No Apologies

New fiction, new plays – publishers and theaters present the new without apology, it is expected that new work will be offered to the public and that not all of it will be superb. The galleries in Chelsea offer the latest work, people would complain if they didn’t, and not all of it is great. And yet, Allan Kozinn’s recent Times article talks about how musicians have to apologize for the fact that not every new piece is a masterpiece. Why should this even be an issue? The fact that not every new piece is immortal does not mean the presentation of new music has to be justified, any more than the publishing of new fiction.

Perhaps one reason why the new is welcome and expected in writing and the visual arts but not in non-pop music is that there is money to be made in books and in the visual arts (at least in the upper echelons of those fields) – and relatively little money changes hands in the world of new music. So how could new music be worthwhile? Since what my mother always sarcastically called the “almighty dollar” is America’s principal means of validation, new art is naturally considered important, and pop music is considered more “vital” than non-pop. The supposed vitality of pop music has nothing to do with music but rather with the invigorating scent of money.

All the Stravinsky $44 can buy

I’ve been listening off and on for some months now (and it will occupy me for many more months) to the 22 CD set of Stravinsky conducts Stravinsky that Sony released a while ago – the one that Alex Ross wrote about here, and Pliable wrote about here. As of this writing it is available on Amazon here.

The set is obviously an important document of a great composer interpreting his own work. (But read today’s Allan Kozinn piece in the Times regarding the problem of taking the composer’s intention too seriously. I liked the article, though I was a bit confused by his references to Schoenberg as “contemporary music”.)  While, as a native Clevelander, I will always revere the Cleveland Orchestra/Boulez Sacre from 1969, holding it above all other versions (I haven’t heard their remake), there is a compellingly crazed intensity to Stravinsky’s own recording. Symphony of Psalms is another highlight, with the stasis of the last movement working its magic. But I have to say that a lot of these recordings just aren’t very good, with ensemble that fails to lock in (this shows up most in the note-filled allegros like the fast movements of the Concerto for Piano and Winds) and appalling intonation – try Agon, for example, where the players are having an agon of their own. The comment attributed to Schoenberg – “my music isn’t modern, it’s just badly played” – applies here.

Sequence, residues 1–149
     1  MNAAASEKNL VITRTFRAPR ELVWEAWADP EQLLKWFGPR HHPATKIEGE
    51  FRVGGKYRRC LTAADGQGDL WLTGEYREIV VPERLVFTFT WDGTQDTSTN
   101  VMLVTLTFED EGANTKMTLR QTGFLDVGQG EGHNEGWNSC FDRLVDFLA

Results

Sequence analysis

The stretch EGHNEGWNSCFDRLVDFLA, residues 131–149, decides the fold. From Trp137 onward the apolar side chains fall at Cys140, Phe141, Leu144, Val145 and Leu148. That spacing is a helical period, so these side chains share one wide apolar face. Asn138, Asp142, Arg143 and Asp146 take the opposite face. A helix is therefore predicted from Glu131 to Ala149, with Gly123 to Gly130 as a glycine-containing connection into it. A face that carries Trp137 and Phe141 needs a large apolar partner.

There are some recorded bits of rehearsal included in the set, and it is disturbing to hear, in one of these, someone in the control room telling Stravinsky that a balance problem can be fixed later on. You never know with any recording just what is control room magic and what isn’t, but in a situation where the recording’s value is partly as a document of the composer’s interpretation, being reminded of the other ears that are at work is troubling. (For a recording of Stravinsky in rehearsal that is not included in this set, go here to listen to him trying out a revision of the Symphonies of Wind Instruments.)

Some intriguing details in the list of  performers in this set: the all-star infield of Barber, Sessions, Copland, and Foss playing the four pianos in Les Noces (recalling such collaborations as the Sessions/Copland/Thomson team of narrators for l’Histoire with Craft conducting Speculum Musicae – a performance that took place at the Whitney Museum early in my time in NYC (I also remember that concert because it was the last time I saw the great pianist Robert Miller before his untimely death), or the Babbitt/Harbison/Carter version of the same piece at Tanglewood a few years ago); Bethany Beardslee in Threni – a rather early document of her work, I would guess;  a number of songs done by Cathy Berberian; Joseph Szigeti and Stravinsky playing the Duo Concertant, alongside other Stravinsky piano performances by both Igor and son Soulima; Laurindo Almeida (yes, that Laurindo Almeida, from the L.A. Four) playing guitar in the Four Songs; and surely two of the more unexpected names: Sebastian Cabot and Elsa Lanchester as Noah and his wife in The Flood.

I’m glad I picked up this set, but I will be looking elsewhere for more satisfying performances.